CHICAGO — Jake Odorizzi spoke confidently the day before, as pitchers are wont, about putting his miserable last outing behind him.
But it wouldn't be until the Rays' 24-year-old right-hander walked up the hill at Wrigley Field on Saturday afternoon that he could really prove it. It didn't take him long.
The first pitch Odorizzi threw to Cubs leadoff man Chris Coghlan was a fastball for a called strike, the second a fastball fouled off, and the third a split changeup that Coghlan rolled to second.
That was all Odorizzi needed to know how much better he would be. Six sterling innings later it became very clear to all as he led the Rays to a 4-0 win, moving them back to within two games of .500 at 57-59.
"That first at-bat in itself, I felt like I was throwing it where I wanted to, and once it carries over to the next batter, you know you have that going today," Odorizzi said. "It was a good way to start the game, to get that feeling early."
Odorizzi struck out the next five and nine of the first 14 overall, allowing three hits. That was in total contrast to last Sunday, when he allowed the Angels five runs in a brutal 46-pitch first inning, throwing 35 before he got his first out.
Manager Joe Maddon said the difference was obvious, and it had more to do with Odorizzi's approach than anything.
"Aggressive," he said. "Assertive. Came out and went right after them. I love the attitude. It wasn't pandering around."
Odorizzi made it sound more tangible, as he relied primarily on the fastball and split-change and took advantage of the Cubs' aggressiveness.
"Being more consistently sharp out of the gate," he said. "Fastball location that was the big thing. … I was sitting corners, staying away from the middle of the plate, and my split was good from the get-go. … You see the ball is going where you want and it gives you that extra little bit of confidence."
After going down relatively quickly against ex-mate Edwin Jackson, the Rays hitters did their part. Evan Longoria knocked in the first run and said afterward how pleased he was to contribute; Yunel Escobar knocked in the other three and declined to talk to reporters.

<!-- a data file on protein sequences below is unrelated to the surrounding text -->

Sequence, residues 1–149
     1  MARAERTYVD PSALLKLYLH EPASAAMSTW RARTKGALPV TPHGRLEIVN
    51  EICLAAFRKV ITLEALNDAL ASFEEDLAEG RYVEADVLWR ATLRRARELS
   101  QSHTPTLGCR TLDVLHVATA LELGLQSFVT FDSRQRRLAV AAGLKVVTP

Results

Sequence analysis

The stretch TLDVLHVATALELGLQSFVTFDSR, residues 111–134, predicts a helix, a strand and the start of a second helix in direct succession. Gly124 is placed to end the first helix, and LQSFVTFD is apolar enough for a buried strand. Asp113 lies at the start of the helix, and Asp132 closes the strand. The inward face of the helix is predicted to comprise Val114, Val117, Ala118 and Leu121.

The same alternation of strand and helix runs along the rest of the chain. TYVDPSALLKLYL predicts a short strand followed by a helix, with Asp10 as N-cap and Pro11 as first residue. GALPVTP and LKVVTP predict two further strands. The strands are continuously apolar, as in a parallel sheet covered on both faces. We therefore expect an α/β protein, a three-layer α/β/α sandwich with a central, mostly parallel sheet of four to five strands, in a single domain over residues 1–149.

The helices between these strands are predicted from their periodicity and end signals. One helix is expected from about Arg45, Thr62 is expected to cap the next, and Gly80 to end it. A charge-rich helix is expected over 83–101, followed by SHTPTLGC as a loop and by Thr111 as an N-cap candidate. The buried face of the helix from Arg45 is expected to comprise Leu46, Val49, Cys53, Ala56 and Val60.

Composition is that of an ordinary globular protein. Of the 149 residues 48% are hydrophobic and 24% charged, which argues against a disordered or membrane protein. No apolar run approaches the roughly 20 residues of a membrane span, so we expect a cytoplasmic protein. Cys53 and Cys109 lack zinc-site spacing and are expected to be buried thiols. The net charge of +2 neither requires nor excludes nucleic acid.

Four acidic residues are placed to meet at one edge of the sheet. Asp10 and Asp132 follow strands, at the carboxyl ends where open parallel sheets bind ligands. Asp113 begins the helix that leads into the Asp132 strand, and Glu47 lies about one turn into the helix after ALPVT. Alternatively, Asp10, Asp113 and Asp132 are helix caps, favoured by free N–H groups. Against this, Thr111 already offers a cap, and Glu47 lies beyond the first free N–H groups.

The Rays got two runs in the fourth, and it involved some of what makes Wrigley Field so unique. Ben Zobrist laced a ball that went off rightfielder Justin Ruggiano, the ex-Ray, and into the ivy that covers the brick wall.
Though Zobrist kept running, he was sent back to second as it was called a ground rule double. Maddon charged out to suggest that the rules be different since the ball went off a fielder but to no avail.
It turned out not to matter, as Longoria ended up knocking in Zobrist, and Escobar Longoria. The Rays added two in the sixth with less drama, Escobar singling in two after they loaded the bases on two walks and an error.
That was enough for Odorizzi and relievers Kirby Yates and Jake McGee, who combined for 15 strikeouts and no walks in posting the Rays' 13th shutout of the season.
Odorizzi said there was some room for improvement, noting that he got away from being aggressive a bit in the fifth and sixth and pitched himself out of the game by running his count to 103. But after ending a streak of nine starts allowing three or fewer runs in such a rough way Sunday, he was plenty pleased with his performance.
"I was just happy to get a win again," he said, "and get back, after last time out, to get back on the right track in general."
Contact Marc Topkin at firstname.lastname@example.org. Follow @TBTimes_Rays.